The differential Dx is extensive
The differential includes polyarthralgias such as viral polyarthritis, systemic rheumatic diseases, and osteoarthritis.
Viral polyarthritis is caused by rubella, parvovirus B194, alphaviruses, and hepatitis B. Symptoms can last from 3 days to several weeks, but rarely persist beyond 6 weeks; alphaviruses, however, can last 3 to 6 months.5 The common symptom triad includes fever, arthritis, and rash. Chikungunya is an example of an alphavirus that has become a global disease. Alphavirus arthritis can mimic seronegative RA and even satisfy the classification criteria for RA if the initial symptoms of fever and rash and history of travel to endemic regions are not appreciated.5
Systemic rheumatic diseases. Early RA may mimic the arthritis of systemic lupus erythematosus (SLE), Sjögren’s syndrome, dermatomyositis, or mixed connective tissue disease.6 In contrast to RA, these disorders generally have systemic features, such as rashes, dry mouth and eyes, myositis, or nephritis, and generate autobodies, which are not seen with RA. The CRP is often normal in patients with active SLE, even when the ESR is elevated.
Osteoarthritis (OA) can be confused with RA, particularly when small joints are involved. A thorough history helps elucidate the diagnosis. For example, OA of the fingers affects distal interphalangeal joints and is associated with Heberden’s nodes, while RA more commonly affects MCP and PIP joints. Swelling from OA is typically firm, while swelling due to RA is warm, boggy, and tender. Joint stiffness due to OA is worse with activity and generally lasts only a few minutes, while joint stiffness due to RA is worse at rest and lasts 30 minutes or more. X-rays show joint-space narrowing with OA, but no erosions or cysts. RF may be present at low levels in older patients with OA, while it is usually associated with high levels in patients with seropositive RA.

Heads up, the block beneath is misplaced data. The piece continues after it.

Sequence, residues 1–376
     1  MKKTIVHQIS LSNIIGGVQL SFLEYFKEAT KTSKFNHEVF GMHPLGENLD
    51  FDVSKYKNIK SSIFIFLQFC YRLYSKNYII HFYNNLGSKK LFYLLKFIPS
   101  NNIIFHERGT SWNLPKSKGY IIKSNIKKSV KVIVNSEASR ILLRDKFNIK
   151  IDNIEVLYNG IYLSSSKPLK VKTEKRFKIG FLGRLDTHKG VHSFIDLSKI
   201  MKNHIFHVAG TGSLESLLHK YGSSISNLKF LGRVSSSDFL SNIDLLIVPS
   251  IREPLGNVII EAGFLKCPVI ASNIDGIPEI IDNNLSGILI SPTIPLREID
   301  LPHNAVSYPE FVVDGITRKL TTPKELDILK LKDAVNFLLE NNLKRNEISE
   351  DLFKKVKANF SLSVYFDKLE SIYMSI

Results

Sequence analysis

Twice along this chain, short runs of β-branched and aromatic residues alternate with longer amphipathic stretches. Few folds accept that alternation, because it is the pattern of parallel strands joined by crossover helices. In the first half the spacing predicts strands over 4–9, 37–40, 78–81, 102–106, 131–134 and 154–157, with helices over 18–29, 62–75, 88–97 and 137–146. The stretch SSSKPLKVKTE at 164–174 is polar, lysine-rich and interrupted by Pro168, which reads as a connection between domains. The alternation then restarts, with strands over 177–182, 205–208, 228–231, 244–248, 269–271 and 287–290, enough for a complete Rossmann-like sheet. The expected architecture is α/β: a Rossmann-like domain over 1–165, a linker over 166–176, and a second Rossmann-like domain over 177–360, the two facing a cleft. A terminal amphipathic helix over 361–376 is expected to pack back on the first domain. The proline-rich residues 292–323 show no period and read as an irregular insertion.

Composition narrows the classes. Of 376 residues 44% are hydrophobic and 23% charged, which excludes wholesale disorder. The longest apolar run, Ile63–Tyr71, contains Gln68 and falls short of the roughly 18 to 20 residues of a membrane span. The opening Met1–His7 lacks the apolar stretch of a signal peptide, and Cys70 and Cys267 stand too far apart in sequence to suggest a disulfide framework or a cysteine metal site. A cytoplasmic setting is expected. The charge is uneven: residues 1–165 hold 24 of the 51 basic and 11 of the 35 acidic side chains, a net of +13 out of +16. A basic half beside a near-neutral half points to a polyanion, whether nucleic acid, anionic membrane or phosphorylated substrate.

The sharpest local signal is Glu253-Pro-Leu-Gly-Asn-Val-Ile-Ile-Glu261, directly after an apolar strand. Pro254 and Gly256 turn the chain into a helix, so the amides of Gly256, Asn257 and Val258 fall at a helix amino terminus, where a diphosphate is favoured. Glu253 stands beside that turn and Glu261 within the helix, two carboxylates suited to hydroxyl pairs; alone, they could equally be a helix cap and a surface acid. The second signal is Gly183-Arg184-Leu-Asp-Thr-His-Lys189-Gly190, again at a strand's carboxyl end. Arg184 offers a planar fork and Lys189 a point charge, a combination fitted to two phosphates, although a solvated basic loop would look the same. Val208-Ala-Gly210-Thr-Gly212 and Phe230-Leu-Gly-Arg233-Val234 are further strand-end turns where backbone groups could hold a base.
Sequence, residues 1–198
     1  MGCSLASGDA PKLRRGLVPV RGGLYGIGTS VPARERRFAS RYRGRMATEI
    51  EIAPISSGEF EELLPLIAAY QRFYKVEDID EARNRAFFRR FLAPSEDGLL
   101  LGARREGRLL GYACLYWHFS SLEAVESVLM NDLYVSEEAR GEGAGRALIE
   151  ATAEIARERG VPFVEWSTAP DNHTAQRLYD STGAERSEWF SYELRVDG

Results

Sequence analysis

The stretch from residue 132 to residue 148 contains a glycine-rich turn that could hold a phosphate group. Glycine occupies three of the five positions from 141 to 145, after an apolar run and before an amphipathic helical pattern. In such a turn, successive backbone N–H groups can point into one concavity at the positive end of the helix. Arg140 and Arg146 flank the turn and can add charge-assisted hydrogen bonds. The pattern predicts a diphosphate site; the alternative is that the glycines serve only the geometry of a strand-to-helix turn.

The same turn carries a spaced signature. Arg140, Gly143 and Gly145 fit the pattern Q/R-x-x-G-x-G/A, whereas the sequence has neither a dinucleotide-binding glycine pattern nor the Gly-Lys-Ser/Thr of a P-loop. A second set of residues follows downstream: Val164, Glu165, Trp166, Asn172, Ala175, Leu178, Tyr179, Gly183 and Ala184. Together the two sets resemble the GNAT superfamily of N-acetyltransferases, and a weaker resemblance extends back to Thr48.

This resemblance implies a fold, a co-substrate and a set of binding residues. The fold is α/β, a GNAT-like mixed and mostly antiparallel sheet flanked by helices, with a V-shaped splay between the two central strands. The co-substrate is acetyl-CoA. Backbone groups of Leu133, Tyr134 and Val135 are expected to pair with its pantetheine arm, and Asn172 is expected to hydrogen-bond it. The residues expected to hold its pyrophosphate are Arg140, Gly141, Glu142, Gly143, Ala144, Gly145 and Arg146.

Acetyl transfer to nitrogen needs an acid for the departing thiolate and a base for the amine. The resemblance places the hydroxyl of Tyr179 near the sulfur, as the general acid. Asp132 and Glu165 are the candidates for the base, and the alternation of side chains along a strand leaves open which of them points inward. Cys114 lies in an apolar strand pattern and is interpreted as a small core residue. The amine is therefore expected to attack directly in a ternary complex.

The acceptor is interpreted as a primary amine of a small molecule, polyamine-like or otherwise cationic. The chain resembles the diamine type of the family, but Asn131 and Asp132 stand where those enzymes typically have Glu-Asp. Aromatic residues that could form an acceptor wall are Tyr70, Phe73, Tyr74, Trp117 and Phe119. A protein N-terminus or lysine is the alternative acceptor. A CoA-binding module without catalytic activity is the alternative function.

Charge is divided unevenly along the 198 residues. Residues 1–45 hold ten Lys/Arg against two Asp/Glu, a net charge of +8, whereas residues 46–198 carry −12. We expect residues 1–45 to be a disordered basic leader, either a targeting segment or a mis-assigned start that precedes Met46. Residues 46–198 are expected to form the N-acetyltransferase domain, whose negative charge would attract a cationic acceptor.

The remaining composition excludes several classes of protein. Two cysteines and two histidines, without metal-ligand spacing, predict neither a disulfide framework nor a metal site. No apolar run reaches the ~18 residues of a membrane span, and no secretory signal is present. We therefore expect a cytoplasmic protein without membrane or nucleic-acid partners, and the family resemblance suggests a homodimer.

Continue to: Treat with disease-modifying antirheumatic drugs